That leaves two of Ontario Power’s largest U.S. customers, Sigma-Aldrich and Cambridge Isotope Laboratories (CIL), without a key source of supply. Both companies sell heavy water and deuterated solvents to the laboratory market.
Massachusetts-based CIL claims to be the world’s largest producer of stable isotopes. Maureen Duffy, the firm’s vice president of sales and marketing, maintains that Ontario Power’s impending exit is manageable. “We’re not really concerned about ongoing supply,” she says. “From our point of view there are multiple suppliers, so we don’t envision difficulties.”
Sigma-Aldrich’s Porwoll isn’t so sanguine. He points out that interest in nuclear power is rising, whereas supplies of heavy water are not. As a result, producers and users are starting to guard their stockpiles.
By Porwoll’s estimate, the global deuterated laboratory solvents business is worth a modest $50 million to $60 million annually—small compared with the nuclear industry’s heavy-water needs. “The product line is not huge,” he says, “but it has tremendous leverage in scientific discovery because it supports an analytical technique that is ubiquitous.” Porwoll expects that Sigma-Aldrich will find the supplies it needs, but he’s concerned about the ultimate cost to its customers.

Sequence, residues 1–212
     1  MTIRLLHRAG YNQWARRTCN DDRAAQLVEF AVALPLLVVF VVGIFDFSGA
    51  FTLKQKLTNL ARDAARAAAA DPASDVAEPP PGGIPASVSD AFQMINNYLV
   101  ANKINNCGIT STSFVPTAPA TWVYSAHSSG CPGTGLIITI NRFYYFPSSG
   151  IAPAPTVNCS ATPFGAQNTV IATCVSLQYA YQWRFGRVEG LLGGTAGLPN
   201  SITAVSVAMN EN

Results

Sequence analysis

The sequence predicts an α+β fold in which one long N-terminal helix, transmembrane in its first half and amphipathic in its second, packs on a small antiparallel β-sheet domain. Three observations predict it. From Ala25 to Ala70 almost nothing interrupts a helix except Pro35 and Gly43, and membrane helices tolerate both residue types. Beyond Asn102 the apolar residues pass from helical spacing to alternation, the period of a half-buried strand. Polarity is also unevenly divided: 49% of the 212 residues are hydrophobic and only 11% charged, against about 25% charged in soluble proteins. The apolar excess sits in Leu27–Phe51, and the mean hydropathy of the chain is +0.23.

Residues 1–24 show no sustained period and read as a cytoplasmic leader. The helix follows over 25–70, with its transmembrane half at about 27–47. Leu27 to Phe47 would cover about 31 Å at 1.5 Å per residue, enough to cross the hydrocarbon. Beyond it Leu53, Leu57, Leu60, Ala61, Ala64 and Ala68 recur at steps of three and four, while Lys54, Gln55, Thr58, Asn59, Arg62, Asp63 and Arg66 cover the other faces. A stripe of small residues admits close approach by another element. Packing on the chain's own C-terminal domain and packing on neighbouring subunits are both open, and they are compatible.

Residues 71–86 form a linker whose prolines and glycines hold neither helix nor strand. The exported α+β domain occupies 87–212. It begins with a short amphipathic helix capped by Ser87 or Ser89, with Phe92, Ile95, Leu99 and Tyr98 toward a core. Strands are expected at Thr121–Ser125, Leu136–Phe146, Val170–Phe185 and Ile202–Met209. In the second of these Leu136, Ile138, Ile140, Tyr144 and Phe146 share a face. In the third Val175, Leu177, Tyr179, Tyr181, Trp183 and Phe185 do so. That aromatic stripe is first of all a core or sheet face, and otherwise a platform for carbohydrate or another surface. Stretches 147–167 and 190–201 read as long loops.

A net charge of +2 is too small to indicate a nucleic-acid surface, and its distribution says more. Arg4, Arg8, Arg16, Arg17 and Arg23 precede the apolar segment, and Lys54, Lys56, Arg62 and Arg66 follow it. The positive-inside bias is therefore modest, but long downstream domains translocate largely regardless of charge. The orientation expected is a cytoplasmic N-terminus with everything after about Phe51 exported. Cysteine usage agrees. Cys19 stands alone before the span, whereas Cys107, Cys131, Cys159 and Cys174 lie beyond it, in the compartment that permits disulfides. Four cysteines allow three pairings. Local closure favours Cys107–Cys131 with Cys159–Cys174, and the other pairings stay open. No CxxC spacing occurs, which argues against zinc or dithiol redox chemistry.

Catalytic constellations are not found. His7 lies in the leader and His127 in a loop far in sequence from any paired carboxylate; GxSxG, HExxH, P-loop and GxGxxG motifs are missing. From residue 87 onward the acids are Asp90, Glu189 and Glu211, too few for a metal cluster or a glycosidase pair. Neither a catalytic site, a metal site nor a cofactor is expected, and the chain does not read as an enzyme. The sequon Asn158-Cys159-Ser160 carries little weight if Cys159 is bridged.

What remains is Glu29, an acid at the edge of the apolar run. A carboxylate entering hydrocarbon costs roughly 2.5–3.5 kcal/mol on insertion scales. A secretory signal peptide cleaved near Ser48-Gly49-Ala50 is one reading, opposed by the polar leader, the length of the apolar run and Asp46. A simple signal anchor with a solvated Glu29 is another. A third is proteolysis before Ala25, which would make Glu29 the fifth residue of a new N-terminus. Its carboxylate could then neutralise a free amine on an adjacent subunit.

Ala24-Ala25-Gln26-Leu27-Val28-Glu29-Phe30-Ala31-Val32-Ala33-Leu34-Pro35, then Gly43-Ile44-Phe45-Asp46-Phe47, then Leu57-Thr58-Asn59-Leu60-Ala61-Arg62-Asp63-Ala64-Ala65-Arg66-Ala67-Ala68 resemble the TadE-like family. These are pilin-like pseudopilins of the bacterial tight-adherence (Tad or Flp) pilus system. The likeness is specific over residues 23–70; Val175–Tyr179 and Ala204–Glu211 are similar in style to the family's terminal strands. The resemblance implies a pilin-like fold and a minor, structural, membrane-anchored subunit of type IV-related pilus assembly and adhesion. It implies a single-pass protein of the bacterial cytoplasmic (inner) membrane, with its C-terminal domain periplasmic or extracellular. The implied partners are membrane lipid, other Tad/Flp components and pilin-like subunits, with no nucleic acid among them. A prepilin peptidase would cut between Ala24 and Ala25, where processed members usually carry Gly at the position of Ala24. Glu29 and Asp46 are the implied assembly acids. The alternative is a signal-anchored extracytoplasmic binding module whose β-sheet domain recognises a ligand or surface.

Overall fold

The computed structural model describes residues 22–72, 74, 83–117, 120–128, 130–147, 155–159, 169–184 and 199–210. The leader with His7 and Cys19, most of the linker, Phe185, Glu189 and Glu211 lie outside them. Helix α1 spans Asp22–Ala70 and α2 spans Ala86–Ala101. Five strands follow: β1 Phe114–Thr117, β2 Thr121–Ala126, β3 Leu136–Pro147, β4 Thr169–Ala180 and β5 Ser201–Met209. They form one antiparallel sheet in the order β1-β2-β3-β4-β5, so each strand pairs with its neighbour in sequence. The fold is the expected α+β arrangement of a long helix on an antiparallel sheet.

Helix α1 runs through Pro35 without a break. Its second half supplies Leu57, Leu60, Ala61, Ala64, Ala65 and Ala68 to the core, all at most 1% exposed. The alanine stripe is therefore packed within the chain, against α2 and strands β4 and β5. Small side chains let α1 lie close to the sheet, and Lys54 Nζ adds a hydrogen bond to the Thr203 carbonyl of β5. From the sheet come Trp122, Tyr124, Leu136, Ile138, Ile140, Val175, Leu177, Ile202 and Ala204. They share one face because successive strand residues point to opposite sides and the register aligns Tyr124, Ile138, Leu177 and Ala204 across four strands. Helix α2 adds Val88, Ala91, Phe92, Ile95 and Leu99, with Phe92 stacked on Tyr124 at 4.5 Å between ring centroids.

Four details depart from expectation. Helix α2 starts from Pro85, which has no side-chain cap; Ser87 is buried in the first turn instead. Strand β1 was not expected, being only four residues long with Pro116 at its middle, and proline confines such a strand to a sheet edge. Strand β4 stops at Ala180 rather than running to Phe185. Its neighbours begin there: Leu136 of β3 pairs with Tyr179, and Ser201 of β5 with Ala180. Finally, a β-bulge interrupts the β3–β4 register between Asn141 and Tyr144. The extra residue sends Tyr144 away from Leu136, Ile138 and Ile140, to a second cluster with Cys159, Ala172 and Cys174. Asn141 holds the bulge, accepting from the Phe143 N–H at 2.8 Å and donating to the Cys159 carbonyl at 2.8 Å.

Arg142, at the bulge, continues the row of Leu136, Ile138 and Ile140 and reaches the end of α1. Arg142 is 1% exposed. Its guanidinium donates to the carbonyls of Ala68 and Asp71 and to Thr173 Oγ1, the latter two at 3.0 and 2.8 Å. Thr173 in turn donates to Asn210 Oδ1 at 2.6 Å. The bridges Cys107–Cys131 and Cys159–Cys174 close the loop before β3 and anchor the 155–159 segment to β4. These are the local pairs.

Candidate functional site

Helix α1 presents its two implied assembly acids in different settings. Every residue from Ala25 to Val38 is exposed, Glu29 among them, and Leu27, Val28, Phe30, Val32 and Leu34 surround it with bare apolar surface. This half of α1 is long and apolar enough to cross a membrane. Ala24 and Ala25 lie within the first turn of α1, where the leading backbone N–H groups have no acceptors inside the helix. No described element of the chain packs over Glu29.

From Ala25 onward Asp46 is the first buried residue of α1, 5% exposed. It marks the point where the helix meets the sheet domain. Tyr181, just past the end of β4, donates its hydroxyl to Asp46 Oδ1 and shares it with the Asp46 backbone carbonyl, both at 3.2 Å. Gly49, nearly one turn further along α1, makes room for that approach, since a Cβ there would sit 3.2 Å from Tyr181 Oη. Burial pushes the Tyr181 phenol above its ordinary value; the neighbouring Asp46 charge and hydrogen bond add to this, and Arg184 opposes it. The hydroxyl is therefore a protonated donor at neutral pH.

Seeing a potential problem for the scientific community, the U.S. government is aiding in the search for other suppliers. Gerald Blazey, assistant director for physical sciences in the White House Office of Science & Technology Policy, says the Department of Energy conducted an assessment of the heavy-water supply picture in response to an inquiry by CIL.
“DOE came to the conclusion that the only short-term solution is to seek heavy water from overseas,” Blazey says. The U.S. government has stockpiles of its own but, like Canada, it shut down its production facility decades ago, and it isn’t selling on the commercial market.